So yeah, huge inspiration, buy his book.

Namaste.

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Tomorrow, I’ll Draw You a Picture

I work as an assistant teacher in a child care facility.  I tend to float around to different classrooms, and this week, I’ve gotten to work with the four year olds for the first time.

These kids are pretty much the opposite of my usual babies.  But there’s something that has really struck me.

The kids draw everyone pictures.

They don’t even think about it.  It’s a crucial part in their little four year old lives.  Eat, play, sleep, draw people pictures…no big deal.

As a former photography student, and a hobby/semi-pro artist on several fronts, this holds a lot of meaning to me.

Art is literally a piece of your soul, and these children are writing their sweet little names on these soul-pieces and giving them away with a smile and no second thought.

What would the world be like if we all handed out pieces of our souls to anyone who was so much as nice to us?

I will strive to be more like a four year old.

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Namaste.

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500,000 for a National Day of Pluralism

The United States was founded by people attempting to escape religious persecution.  Here’s Andrew Bowen‘s opinion on the matter:

E Pluribus Unum, though never codified by law, was the de facto motto for the United States until 1956 when Congress adopted “In God We Trust,” as the nation’s official motto. Although many in the United States indeed trust in God, it is clear that not everyone in fact believes in a divine personage and certainly not in the same manner. This divergence in belief and conviction grows more evident in our modern theater of existence on the national stage as members of various theistic and non-theistic groups create greater friction between one another every day.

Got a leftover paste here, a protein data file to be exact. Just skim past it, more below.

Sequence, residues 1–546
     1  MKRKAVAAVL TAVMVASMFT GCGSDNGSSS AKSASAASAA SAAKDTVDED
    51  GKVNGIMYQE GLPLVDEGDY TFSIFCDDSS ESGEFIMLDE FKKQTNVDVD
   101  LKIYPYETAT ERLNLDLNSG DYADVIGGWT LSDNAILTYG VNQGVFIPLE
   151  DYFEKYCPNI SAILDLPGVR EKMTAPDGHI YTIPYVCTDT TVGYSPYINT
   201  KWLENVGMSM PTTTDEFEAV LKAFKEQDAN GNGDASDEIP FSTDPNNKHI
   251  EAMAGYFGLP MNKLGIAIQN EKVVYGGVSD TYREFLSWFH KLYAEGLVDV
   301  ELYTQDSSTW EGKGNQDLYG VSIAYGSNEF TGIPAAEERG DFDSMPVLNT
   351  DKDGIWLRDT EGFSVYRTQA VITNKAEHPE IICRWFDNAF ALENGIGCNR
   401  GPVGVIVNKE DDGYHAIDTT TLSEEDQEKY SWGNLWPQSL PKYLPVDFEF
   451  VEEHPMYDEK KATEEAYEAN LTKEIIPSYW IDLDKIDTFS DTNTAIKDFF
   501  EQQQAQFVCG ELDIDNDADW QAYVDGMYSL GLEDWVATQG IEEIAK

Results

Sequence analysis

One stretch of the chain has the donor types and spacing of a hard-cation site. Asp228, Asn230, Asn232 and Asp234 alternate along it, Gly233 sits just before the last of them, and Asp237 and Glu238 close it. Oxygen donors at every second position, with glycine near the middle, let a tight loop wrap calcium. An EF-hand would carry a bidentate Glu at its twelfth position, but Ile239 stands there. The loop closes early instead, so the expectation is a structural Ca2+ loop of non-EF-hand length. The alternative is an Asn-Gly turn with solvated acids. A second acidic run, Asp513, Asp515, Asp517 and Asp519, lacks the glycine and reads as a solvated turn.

I believe a National Day of Pluralism, by espousing the ideals of the nation’s original motto, would help American’s remember the multifaceted reality of these United States by encouraging citizens to participate in a day of pluralistic observation. Just as Memorial Day enjoins us to honor those who have offered the ultimate sacrifice for our collective freedom and security, a National Day of Pluralism would remind us of one of the most endearing features of our nation: That we are indeed one people out of many nationalities, ethnicity, race, cultures, philosophies, and yes, even religions.